THE MODERN MINT BLOG

Feb11

Plant of the Week: Sarcococca

Another winter favourite, Sarcococca is a lovely plant with a lovely name to say. Sar-co-co-cca. Sarcococca. Impress your non-gardening friends by pulling this one out…. and then confusing them by calling it Christmas or Sweet box, its common name.

It makes it to Plant of the Week by virtue of its strong perfume, which can make your  nose twitch with its bewitching charm. But there are many other qualities to this evergreen shrub.

It grows well in lime or acid soil.

It tolerates shade.

It is a slow grower, so doesn’t need lots of pruning.

It doesn’t suffer from pests and diseases (it can replace Buxus as an edging plant in gardens effected by blight. Sarcococca hookeriana var. humilis is the one to try for this.)

It can be used in a cottage garden or a more formal design.

It is good for cutting and taking into the house, where it will perfume a room.

It has berries for the birds.

Sounds too good to be true. So what, then, are its problems?

The flowers are…modest. Very modest. In fact, you probably won’t even notice it flowering, and will only be aware that its moment in the garden has come when the fragrance of the flower hits you from several paces away, making you search for the source of this wonderful scent. Let us not just judge by the flower power of a plant though. We can be more sagacious than that. Which brings us on to the next point…

… you might think the leaf dull (you might, even though it shines like glossy paper, reflecting all possible light and warmth there is to be found in a shady, neglected spot. A far better leaf to have working for you in your garden than the light thieving mass of a rhododendron.)

We willingly fight to advertise this plants qualities, don’t we?

What can you plant with it? Try a clump-forming fern, some strands of vinca, hydrangeas, dicentra perhaps, with a clematis growing up a wall behind it. It is a shrub that will provide valuable support to others, rather than being the star performer.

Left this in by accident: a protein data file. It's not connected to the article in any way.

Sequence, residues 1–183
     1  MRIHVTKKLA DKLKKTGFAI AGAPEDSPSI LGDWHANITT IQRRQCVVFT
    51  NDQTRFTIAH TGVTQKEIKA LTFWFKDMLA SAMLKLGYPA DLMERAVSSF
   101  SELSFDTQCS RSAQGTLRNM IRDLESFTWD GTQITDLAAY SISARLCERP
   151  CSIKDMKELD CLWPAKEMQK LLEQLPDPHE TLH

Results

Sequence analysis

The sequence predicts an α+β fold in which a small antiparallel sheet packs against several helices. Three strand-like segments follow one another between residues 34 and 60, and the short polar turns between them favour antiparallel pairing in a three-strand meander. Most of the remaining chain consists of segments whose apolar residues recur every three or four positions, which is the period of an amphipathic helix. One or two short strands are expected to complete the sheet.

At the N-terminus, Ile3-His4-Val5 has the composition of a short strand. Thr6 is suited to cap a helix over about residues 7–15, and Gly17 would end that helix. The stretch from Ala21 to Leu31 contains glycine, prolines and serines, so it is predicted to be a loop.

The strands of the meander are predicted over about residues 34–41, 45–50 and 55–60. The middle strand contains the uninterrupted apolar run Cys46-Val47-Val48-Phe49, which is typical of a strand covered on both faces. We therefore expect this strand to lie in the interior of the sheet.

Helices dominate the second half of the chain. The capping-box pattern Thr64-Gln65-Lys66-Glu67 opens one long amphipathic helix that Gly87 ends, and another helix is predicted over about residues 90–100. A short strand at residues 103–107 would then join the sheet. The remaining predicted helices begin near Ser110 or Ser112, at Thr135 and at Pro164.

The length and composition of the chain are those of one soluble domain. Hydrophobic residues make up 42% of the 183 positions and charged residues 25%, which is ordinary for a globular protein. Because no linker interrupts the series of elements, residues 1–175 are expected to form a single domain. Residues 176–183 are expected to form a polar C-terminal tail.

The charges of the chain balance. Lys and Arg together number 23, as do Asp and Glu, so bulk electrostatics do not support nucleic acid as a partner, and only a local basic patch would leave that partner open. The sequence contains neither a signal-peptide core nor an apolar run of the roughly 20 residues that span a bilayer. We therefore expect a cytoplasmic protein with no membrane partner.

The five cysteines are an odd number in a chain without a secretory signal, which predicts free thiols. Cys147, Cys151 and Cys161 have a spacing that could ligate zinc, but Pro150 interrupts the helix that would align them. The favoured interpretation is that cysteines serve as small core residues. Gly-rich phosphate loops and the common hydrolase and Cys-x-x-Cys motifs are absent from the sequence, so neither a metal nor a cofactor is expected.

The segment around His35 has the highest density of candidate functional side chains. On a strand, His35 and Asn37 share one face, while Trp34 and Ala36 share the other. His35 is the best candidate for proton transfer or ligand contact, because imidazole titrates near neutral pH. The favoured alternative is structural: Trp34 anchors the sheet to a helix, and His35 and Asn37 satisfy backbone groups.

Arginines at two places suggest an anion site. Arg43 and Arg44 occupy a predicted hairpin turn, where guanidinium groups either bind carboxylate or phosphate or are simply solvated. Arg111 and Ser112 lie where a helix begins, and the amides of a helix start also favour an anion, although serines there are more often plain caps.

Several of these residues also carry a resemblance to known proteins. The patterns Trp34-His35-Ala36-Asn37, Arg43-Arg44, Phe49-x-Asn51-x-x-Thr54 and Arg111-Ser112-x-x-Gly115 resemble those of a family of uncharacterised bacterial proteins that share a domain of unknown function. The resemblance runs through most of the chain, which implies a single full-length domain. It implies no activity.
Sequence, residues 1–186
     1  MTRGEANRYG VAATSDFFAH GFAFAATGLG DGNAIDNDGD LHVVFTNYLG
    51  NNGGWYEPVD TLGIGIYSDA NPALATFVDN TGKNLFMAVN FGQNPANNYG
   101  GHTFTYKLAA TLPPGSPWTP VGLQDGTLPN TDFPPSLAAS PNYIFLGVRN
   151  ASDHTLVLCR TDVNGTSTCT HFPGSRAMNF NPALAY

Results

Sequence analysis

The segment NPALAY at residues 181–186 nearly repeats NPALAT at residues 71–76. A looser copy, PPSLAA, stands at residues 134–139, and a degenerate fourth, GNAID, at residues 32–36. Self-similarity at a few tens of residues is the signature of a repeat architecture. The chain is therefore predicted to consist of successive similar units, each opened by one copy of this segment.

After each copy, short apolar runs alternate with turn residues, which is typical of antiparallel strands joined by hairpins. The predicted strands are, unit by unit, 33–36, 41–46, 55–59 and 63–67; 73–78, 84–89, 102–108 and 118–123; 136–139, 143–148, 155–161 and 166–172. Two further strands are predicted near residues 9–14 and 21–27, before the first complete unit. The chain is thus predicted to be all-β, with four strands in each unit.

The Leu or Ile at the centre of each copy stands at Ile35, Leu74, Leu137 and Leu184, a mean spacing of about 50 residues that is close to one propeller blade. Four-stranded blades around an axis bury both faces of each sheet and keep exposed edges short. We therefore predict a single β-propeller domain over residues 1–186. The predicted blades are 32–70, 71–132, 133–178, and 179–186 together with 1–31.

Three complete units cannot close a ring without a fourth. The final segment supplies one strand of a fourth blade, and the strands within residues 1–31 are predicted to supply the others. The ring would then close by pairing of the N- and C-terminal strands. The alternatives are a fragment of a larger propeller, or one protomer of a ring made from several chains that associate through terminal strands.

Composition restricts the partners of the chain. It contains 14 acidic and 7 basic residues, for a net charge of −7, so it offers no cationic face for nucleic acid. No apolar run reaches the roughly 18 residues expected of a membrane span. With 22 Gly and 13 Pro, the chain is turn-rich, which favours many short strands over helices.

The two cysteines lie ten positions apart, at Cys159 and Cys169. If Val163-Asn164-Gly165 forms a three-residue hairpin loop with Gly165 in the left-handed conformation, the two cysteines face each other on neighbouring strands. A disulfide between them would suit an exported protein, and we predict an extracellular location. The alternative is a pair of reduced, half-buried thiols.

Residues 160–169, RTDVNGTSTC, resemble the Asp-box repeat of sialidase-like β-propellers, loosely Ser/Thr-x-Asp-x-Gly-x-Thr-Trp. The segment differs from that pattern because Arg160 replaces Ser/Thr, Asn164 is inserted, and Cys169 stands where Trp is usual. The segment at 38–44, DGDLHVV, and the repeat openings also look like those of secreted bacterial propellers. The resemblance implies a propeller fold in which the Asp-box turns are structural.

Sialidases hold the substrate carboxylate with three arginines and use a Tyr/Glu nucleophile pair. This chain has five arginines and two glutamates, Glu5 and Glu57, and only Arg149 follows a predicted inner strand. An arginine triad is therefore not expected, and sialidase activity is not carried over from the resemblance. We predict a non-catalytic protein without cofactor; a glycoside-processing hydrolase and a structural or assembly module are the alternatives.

Or place around it some bulbs, like snowdrops, a variegated ivy and the flower and foliage of hellebores (as the stat attraction) and you have a simple yet restorative winter scene. Made all the more rewarding by the bounty of the Sarcococca’s scent.

For more great winter-flowering shrubs, ge tthis book!

Jun10

Brought By Bike – Topiary Making

Brought By Bike is an excellent website I found last month, where businesses offer their services by (of course) bicycle. Modern Mint and my topiary work is now live on the site offering my topiary services, via bike, to the following two postcodes – CM1 CM2 Now I can imagine I will need to borrow a ladder should anyone have a larger shrub, but most town gardens in the Chelmsford area have a need not just for privacy but to let light into the house… so a balance must be struck when shaping hedges and shrubs to cover both needs. …

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May10

Transforming Topiary

topiary transforming

Transforming Topiary – a video made for the European Boxwood And Topiary Society by Charlotte Molesworth and I, in her garden. We take a dog topiary and work out how to update it, turning it into a bird. Worth a watch I think, and hopefully useful to you! You can see more of my clipping on the topiary page. Or read my Spring 2021 Topiary Provocation here.

Apr28

Phillyrea From 1682

Worlidge Phillyrea

Phillyrea is one of my favourite plants for topiary. I have been using it for quite a few years as a specimen shrub, mostly due to the fact it clips well and has a tough habit – all good characteristics for a topiary plant. It also has a  reputation for being an excellent nectar source for bees… Read more about Phillyrea here. Mentioning this to Malcolm Thicke, a market garden historian and writer, he sent me a some photos of topiary and phillyrea mentioned by John Worlidge in Systema Horticulturae from 1682…. incredible! He also mentioned to me that in …

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